In the late 1980’s I came across a fun idea in the domain of disk storage design for computers. I’ll call it “Ben’s Method” because Ben was the inventor’s name. (Yes, it is a Method, not an Apparatus.) I thought “Aha!” when I first heard of the invention and wondered what leading questions I’d ask to guide a fellow computer buff to the joy of re-invention. To lay some context, I was myself an inventor, with dozens of U.S. patents (not even counting continuations-in-part). Though none of my patents were in the fields of disk storage or file system design, I had considerable experience therewith.
But road led onto road, and zig to zag, and here I am thirty years later, with the Method almost forgotten, wondering if any computer buff wants to enjoy the thrill of invention discovery. It would seem like a shame that this simple but “cute” method pass away completely unremembered.
But humor me please. When I heard of the invention, my reaction was “Could I have thought of that? What hints would someone need for that solution to pop into their mind?” If nobody takes up the challenge, fine — I’ll just let Ben’s Method pass into oblivion.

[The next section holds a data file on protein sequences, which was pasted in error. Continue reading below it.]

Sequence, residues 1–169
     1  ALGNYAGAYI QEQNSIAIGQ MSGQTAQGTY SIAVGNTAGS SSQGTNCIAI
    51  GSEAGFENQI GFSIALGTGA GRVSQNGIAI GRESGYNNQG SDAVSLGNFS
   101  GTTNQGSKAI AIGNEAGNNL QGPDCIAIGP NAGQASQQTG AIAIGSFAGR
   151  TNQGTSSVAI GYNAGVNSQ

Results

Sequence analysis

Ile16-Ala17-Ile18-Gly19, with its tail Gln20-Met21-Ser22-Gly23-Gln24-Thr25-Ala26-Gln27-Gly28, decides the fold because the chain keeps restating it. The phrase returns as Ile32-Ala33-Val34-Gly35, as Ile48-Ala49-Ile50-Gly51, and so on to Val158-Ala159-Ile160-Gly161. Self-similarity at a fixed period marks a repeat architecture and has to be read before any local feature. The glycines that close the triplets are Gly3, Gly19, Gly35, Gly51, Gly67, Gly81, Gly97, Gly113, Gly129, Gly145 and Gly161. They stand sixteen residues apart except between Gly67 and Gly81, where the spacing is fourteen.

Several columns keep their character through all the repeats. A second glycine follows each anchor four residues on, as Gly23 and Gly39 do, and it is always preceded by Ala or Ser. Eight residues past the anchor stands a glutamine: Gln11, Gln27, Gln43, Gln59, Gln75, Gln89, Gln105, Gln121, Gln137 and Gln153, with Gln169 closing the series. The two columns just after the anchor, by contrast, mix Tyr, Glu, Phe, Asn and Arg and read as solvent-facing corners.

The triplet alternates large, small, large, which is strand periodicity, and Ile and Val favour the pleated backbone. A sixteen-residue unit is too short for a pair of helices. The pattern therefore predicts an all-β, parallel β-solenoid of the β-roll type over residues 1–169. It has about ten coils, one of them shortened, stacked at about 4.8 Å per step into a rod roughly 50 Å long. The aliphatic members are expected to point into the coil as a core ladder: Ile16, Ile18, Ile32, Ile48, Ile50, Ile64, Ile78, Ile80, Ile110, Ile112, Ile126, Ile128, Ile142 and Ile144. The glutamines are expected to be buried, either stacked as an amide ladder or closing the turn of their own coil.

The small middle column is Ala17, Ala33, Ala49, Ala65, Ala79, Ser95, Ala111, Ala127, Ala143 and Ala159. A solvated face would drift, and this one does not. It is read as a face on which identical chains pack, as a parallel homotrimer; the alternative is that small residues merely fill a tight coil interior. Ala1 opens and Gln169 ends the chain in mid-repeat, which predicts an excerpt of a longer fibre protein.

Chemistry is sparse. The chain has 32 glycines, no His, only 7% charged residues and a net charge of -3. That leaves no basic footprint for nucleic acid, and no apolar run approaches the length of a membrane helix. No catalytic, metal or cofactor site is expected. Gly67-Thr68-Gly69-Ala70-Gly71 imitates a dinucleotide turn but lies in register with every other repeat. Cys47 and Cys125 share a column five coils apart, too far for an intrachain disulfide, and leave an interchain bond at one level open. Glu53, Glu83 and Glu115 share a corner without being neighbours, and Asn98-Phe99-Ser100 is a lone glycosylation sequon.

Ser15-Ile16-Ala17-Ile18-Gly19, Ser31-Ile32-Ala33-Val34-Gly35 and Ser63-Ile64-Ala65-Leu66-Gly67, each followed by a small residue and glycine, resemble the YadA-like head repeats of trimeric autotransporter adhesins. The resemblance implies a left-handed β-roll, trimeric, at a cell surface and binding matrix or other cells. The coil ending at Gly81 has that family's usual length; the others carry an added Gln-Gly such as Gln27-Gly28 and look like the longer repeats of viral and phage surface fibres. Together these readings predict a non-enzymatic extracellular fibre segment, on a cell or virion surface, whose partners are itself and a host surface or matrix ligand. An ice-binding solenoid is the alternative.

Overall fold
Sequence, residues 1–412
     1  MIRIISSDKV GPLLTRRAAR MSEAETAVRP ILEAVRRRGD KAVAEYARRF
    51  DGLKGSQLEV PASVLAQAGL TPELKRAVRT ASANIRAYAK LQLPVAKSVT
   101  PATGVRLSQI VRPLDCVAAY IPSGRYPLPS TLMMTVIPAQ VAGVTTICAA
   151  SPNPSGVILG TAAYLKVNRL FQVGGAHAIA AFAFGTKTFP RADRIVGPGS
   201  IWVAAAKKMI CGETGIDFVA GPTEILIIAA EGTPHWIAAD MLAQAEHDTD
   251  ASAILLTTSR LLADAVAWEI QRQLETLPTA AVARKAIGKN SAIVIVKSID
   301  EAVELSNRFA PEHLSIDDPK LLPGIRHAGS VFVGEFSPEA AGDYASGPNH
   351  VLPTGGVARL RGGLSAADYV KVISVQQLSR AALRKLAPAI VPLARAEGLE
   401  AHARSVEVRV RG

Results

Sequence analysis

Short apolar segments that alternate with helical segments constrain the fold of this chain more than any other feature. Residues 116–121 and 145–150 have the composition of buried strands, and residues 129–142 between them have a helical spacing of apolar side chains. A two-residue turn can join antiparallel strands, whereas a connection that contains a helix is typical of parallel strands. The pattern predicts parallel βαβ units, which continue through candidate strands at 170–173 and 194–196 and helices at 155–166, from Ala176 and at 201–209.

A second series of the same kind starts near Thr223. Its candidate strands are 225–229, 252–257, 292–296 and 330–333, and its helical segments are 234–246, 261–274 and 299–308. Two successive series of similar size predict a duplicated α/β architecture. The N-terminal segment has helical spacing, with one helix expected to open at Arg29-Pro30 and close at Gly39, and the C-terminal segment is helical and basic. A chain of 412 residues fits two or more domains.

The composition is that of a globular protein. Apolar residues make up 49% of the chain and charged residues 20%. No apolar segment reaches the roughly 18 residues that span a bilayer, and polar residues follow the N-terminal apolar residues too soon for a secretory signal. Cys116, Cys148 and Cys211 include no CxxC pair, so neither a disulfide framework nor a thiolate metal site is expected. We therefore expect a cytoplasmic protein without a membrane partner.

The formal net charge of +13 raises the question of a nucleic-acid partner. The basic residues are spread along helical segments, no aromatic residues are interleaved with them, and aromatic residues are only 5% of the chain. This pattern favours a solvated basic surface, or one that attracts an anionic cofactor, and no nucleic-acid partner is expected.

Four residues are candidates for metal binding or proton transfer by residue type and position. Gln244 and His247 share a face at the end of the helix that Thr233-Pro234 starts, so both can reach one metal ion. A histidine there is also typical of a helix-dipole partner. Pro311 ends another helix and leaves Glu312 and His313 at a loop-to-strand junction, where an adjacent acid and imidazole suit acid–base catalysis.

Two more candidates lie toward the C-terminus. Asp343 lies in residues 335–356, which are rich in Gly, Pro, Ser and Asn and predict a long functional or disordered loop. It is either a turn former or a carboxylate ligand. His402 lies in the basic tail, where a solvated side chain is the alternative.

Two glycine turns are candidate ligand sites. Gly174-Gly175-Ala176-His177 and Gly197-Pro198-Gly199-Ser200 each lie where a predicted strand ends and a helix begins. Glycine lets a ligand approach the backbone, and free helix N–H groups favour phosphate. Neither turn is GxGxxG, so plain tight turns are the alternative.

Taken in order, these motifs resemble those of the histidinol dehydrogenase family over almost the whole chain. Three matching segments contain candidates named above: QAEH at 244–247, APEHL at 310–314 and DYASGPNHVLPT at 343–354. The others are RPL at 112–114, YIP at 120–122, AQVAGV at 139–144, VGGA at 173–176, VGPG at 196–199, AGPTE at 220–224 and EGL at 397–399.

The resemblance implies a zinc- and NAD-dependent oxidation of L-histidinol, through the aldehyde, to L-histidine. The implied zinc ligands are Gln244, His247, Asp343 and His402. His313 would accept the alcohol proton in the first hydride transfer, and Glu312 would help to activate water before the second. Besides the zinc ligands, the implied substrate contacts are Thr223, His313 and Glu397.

If you can detect that a large sequential file is gradually being read, aggregate performance may improve if you do “pre-caching” — if you speculatively read blocks from that large file that you expect to be requested since. Doing this when the disk is otherwise idle is trivial; a challenge arises when you must prioritize the pre-caching with other requests.
I’ll post yes/no answers if there’s interest in asking questions, but briefly: Ben’s Method was used in conjunction with pre-caching to improve net disk performance while simplifying firmware. (You don’t need to be a disk expert to grasp the Method — many computer nerds will know enough.)
AFAIK, Ben’s method was never implemented, never patented, never published, and is not generally known today. But I still wonder if, after all, the idea might have merit. (If you should apply the idea, please give credit to Ben!) Maybe the idea is flawed, but it’s still a nifty idea! And especially pleasing because of its utter simplicity. I posed this puzzle several months ago in the “53 bicycles: A lateral thinking puzzle” thread, but little progress was made. An SDMB disk expert answered
(As someone who was doing disk drive firmware forty years ago, I’d like to hear about some other mind-boggling methods! Post them in this thread if you wish. But RadioWave’s response only confirms that Ben’s Method is unknown.)
Hint: From one perspective, Ben’s Method is quite simple; so simple that some puzzlers might become disgruntled (“Is that all there is?”) It is that simplicity that makes the invention seem elegant to me.
Anyone want to challenge themselves? Ask a series of yes-no questions that will lead to a rediscovery of Ben’s clever invention.